What often passes for "relaxing" is actually just people hanging out in their preferred status. I love soaking in hot water and breathing fresh air. Visiting a spa can certainly be a real break from social stress, but sometimes the people at spas are down right freaky. When hanging out at a spa becomes your preferred status, you have entered a weird zone.
My guess is that beginning as infants we spontaneously make faces and change body shapes. Our internal organs just move around and do random stuff in response to stimulation. But our parents give us consistent feedback for specific expressions, gestures, sounds, and whole body movements. Through this consistent feedback we learn to interact socially. In the beginning I doubt it is stressful, a baby can cry loudly for 4 hours straight. What makes it stressful is the attempt to constrain impulses. If you just get angry, it's not stressful. But hardly anyone does that. We start to get angry and then we check ourselves, or wonder why, or attempt to assert dominance and fail, or restrain ourselves, distract ourselves, simmer, or just "walk away." That stuff is all really stressful. Social Muscles work to contain spontaneous reactions. ¹
It seems to me that most "displays" of emotion are attempts to change our social status. I remember being in India in a post office. After the 4th hour of waiting in lines to mail some books back home, and getting turned away from a counter for about the sixth time, because I hadn't wrapped the books properly, I just started crying. I willed it. In America I would have done something differently, something more on "script," but in India my dominance/submission messages weren't working anyway so I chose to throw all caution to the wind. The tears were a satisfying release for me, but the people around me started looking enormously upset. Suddenly everyone was helping me. There were a lot of young people sending letters to Harvard and MIT, and they all stopped to help me. About 20 of them pulled me outside and listened to my problem and then they started helping me solve it, they found me a guy who sews up books (really, in plastic and canvas) and another person who writes out addresses and sews on labels and one who affixes wax seals. It was weird. Anyway my point is that because I was in another culture and had been pushed to the brink, I was able to discarded who I am. I could have a pure, baby like, expression of emotion, a non-stressful expression of emotion, and just watch the reactions. That never happens at home, I know my place, we all know our place and we work hard to keep it.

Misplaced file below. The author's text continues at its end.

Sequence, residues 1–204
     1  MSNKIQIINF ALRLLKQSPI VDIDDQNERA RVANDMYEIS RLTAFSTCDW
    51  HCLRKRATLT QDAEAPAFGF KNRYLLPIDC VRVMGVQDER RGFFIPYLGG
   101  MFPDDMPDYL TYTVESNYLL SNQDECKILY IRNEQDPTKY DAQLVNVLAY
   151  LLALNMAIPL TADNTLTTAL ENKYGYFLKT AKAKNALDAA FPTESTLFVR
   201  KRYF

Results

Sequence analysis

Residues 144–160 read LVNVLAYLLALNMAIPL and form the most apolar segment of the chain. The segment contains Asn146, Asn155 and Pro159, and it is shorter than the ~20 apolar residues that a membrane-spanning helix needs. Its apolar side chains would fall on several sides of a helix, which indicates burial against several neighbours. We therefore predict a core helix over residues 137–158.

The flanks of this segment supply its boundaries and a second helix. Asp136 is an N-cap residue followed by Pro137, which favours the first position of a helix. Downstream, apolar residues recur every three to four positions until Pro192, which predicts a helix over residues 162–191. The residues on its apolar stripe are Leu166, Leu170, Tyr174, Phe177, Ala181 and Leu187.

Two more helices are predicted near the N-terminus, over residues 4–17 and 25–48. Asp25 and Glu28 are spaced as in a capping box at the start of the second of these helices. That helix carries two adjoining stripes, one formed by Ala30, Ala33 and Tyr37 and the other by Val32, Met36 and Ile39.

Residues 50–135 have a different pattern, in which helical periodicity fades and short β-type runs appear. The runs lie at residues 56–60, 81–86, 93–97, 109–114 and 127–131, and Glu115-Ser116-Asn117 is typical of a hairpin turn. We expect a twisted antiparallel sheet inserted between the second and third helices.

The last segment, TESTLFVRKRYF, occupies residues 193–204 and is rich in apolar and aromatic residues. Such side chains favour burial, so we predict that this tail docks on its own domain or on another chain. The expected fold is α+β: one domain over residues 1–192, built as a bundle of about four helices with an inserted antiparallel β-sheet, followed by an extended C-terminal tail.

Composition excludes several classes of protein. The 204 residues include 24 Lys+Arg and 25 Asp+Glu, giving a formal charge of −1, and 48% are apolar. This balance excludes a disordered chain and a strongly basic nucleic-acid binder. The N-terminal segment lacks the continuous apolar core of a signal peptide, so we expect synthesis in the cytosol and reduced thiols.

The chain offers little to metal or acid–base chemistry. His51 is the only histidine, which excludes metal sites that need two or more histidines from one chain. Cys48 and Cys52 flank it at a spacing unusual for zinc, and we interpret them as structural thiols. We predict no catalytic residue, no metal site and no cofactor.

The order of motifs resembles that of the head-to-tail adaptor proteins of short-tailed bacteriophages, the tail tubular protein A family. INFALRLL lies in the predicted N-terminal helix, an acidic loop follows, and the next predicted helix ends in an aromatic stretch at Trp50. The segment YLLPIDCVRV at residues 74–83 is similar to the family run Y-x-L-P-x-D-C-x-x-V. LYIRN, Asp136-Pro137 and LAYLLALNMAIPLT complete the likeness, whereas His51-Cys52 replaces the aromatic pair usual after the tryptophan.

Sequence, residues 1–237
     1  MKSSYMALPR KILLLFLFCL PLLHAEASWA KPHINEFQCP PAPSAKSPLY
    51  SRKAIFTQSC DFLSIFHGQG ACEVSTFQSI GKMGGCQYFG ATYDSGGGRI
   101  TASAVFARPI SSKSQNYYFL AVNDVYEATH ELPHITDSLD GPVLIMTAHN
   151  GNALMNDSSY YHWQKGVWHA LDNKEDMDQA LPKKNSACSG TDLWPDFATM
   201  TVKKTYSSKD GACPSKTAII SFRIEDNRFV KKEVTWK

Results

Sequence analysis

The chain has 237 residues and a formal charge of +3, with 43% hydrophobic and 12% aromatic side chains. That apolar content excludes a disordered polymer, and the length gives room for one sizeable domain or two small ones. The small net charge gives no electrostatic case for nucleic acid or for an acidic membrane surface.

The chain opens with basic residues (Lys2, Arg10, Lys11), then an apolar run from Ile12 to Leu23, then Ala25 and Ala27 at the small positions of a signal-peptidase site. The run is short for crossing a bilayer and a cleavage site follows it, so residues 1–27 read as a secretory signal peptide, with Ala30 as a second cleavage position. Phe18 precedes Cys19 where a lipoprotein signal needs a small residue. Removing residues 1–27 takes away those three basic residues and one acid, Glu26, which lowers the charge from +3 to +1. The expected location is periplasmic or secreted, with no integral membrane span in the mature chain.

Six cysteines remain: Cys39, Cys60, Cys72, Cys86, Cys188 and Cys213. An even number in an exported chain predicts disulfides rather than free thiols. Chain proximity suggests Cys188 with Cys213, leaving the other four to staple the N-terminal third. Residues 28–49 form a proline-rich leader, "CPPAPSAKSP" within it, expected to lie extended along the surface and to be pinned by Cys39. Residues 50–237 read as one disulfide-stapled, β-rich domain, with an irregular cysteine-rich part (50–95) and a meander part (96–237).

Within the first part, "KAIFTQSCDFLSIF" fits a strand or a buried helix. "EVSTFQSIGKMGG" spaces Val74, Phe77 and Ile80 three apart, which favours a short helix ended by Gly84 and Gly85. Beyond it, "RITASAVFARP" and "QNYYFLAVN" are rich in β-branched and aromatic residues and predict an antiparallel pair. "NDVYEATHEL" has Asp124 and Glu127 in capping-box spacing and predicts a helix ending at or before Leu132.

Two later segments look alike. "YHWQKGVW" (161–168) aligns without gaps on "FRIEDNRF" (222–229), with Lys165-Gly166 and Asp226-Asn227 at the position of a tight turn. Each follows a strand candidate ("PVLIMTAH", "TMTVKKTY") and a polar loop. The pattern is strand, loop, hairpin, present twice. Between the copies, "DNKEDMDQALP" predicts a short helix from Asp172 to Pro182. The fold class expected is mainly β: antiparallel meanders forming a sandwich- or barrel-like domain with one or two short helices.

The practice of internal martial arts is about completely letting go of the social USE of the muscles. This is especially true of the abdominal muscles and the ways these muscles connect to the face, hands and feet. The Social Muscles are extraordinarily powerful, when we drop all social constraints we can become angelic, monstrous, predator-like, or to use traditional Daoist terminology-- immortal.²
¹I use the word spontaneous here with some trepidation because, I think, the impulse to contain or control social situations seems spontaneous to the extent that it is unconscious. Perhaps primal urge would be a better choice of words, or maybe something Chinese like yuande, original nature.
²The Chinese character for immortal, xian, is made up of a mountain and a person. So as a literal image it means: mountain man. AKA, big foot, sasquatch, & yeti.